Rural electrification of Avoca, Co Wicklow in 1951

Area: Avoca
Started: August 1950
Finished: April 1951
Poles used: 874
Line used (km): 75
Premises connected: 77

Avoca-Map-dublin

The figures above were sourced from our REO News magazine. Click here to find out more on what the figures mean. The map above shows the area boundary and is from a digitised version of the original map used during the scheme.

Area survey

An initial survey was conducted in the Avoca rural area in Co Wicklow in 1950, which covered 19.5 sq miles. The estimated cost of implementing the scheme was recorded as £23,344.

From a total of 506 houses, there were: 363 acceptances of the scheme; 116 refusals; 3 ‘doubtfuls’; and 6 recorded as vacant.

Work began in August 1950 and was officially completed on 25 August 1951. The scheme went over budget by £1,165.19 due to increases in the cost of labour, as the above memorandum shows.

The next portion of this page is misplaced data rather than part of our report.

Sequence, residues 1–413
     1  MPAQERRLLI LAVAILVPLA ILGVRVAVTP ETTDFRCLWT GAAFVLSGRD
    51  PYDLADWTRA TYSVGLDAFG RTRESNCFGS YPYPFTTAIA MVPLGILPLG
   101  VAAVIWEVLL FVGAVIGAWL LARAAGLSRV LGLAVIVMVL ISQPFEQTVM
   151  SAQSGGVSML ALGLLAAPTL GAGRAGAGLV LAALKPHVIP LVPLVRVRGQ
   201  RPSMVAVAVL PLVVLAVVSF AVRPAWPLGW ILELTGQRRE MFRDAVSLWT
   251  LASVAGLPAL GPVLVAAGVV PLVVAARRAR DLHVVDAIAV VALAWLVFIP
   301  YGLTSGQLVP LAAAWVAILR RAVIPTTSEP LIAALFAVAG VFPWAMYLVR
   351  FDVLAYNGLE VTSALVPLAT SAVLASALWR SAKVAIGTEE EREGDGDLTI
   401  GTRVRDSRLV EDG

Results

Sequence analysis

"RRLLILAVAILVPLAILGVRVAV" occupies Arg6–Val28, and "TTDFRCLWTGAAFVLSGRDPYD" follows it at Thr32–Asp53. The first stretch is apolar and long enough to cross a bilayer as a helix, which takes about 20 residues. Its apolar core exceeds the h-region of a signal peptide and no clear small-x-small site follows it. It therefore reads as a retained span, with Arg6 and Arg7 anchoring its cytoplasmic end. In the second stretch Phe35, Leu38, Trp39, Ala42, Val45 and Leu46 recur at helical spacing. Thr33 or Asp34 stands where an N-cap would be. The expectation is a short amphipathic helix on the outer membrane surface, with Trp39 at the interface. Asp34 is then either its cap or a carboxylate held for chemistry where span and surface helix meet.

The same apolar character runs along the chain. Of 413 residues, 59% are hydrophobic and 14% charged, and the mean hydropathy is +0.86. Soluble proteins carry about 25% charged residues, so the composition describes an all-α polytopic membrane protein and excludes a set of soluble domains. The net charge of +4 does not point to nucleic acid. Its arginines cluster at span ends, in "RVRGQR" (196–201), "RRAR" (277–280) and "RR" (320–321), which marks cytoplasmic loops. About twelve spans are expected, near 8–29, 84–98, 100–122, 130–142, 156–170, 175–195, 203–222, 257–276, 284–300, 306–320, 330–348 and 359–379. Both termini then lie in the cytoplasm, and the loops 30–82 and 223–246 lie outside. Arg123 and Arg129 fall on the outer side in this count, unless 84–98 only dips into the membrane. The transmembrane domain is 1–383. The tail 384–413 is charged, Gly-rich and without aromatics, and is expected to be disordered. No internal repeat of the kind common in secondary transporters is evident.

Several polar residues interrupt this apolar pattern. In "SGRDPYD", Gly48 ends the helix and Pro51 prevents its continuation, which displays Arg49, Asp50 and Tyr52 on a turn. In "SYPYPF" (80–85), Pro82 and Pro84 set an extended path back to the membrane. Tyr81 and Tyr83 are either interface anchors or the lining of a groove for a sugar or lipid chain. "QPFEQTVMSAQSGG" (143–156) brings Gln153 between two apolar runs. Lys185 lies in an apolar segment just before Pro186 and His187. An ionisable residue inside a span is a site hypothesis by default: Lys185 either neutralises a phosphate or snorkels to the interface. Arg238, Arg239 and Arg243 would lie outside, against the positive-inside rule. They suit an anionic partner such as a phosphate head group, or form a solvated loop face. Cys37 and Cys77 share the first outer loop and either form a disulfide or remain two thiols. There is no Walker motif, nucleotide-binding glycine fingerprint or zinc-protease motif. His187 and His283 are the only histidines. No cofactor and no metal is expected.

Key crew members

J.F. Heslin and D.F. MacKenzie Rural Area Engineers
J.J. Ryan Area Clerk
S. Malone Engineer

St. Patrick’s Copper Mines

ESB agreed to supply electricity to St. Patrick’s Copper Mines Ltd. on 8 March 1956. At the time, ESB considered mining to be a risky enterprise. It was therefore necessary for the mines to make financial contributions towards the extension of the supply from Arklow and Carrickmines. The electricity supply was completed in September 1957.

Switching on Avoca

The highlight of rural electrification in each area was the switching on ceremony, attended by the local community. The Irish Independent reported on 2 April 1951:

AVOCA-NEWSPAPER

Area map

avoca-border

Area notes

On completion of the area in March 1952, a report on Avoca was submitted to the Rural Electrification Office (REO):

Mr. Heslin came under the spell of the natural beauty of Avoca and recommends it as a rest cure for R.E.O. staff, particularly for the Materials Division who so frequently come under fire from the Area Staffs.

Avoca-R.E.O.-March-1952-P

Benefits for Avoca

The immediate impact of electricity was apparent in Avoca, bringing with it an improved quality of life and a reduction in emigration, as well as increased efficiency for local farming, tourism and mining industries.

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